Iliotibial band syndrome causes pain on the exterior of the knee which is triggered by friction of the iliotibial band on the side of the knee. This condition is also called as ITB syndrome and oftentimes referred to as runner’s knee.
The symptoms of iliotibial band syndrome include pain on the exterior of the knee, specifically at or around the lateral epicondyle of the femur or bony bit on the exterior of the knee. This comes on at a certain time into a run and steadily worsens until the individual has to stop. After a period of rest, the pain might go only to return when the individual starts to run again. Take note that the pain is usually worsened by running, particularly downhill.
It is important to note that the pain can be felt when bending and straightening the knee which is worsened by pressing in at the side of the knee over the painful area. There might be tightness in the iliotibial band which crosses down the exterior of the thigh. The doctor might utilize Ober’s test for assessment. Take note that weakness in hip abduction or moving the leg out sideways is another usual sign. In addition, warm trigger points within the gluteal muscles or buttock area can be present.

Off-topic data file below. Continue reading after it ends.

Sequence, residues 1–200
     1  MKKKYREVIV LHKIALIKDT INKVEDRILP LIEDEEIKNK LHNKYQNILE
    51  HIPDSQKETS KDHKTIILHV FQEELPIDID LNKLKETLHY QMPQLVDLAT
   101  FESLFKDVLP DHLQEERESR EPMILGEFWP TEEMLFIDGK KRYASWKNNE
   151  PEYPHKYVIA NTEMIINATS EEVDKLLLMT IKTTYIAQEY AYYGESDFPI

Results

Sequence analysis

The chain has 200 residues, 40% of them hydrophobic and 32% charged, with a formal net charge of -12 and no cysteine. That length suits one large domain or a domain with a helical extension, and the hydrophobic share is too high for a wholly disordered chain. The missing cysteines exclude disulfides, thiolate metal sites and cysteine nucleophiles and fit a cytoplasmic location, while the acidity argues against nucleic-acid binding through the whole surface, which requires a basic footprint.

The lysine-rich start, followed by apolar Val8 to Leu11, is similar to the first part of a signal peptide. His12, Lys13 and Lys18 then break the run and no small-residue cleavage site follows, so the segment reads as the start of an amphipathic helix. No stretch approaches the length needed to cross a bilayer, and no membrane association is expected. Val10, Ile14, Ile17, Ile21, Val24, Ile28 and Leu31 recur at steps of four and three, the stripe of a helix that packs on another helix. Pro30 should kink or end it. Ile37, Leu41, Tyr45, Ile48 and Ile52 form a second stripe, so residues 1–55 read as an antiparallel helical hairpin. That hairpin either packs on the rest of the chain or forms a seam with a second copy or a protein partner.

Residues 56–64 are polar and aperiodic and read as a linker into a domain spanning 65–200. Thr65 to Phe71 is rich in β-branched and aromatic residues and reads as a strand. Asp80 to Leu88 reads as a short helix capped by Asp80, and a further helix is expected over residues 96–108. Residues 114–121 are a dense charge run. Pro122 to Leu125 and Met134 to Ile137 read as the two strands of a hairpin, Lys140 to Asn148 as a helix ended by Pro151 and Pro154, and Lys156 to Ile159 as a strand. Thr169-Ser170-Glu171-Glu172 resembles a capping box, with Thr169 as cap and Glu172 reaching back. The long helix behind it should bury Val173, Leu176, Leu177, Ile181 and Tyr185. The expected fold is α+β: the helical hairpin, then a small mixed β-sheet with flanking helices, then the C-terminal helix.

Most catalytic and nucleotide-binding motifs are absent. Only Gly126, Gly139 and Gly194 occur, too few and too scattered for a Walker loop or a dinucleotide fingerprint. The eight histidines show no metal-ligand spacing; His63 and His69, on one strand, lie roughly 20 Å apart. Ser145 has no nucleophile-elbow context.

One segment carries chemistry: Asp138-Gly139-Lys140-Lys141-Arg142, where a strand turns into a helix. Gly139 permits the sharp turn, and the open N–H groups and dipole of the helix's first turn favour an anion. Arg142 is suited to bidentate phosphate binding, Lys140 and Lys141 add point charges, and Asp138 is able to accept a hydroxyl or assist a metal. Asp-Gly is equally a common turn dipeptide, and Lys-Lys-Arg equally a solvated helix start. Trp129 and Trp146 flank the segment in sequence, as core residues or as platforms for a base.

There are certain factors that will make an individual prone to develop iliotibial band syndrome or runner’s knee. If the individual has a taut or loose IT band, he/she is prone to end up with this injury. Weakened hip muscles particularly the gluteus medius are also considered as a significant factor.
Poor foot biomechanics or over pronation can increase the risk of injury. In case the foot rolls in or flattens, the inferior leg rotates as well as the knee, thus increasing the chance of friction on the band. Other possible factors include running on hills, leg length difference or running on cambered roads.
There are various treatment options in managing iliotibial band syndrome.
Always remember that rest is vital in order to allow the irritated tendon to heal properly. If the individual continues to engage in running with iliotibial band syndrome, it will only worsen it. The individual can engage in other activities that will not worsen the pain such as cycling or swimming in order to maintain fitness.
You can apply an ice pack to minimize the inflammation and pain. The ice pack must be applied 10-15 minutes every hour until the pain is gone. Once the inflammation has subsided, the potential cause should be addressed such as a tight iliotibial band or the pain will surely return. If you want to learn more on how to effectively provide cold therapy, sign up for a first aid and CPR class. (Read here for more information about the classes offered).
The doctor will prescribe anti-inflammatory medications such as NSAIDs. These are useful during the early acute stage to minimize the inflammation and pain.
Stretching exercises for the muscles on the exterior of the hip is vital. The stretching will help reduce the tightness of the muscles.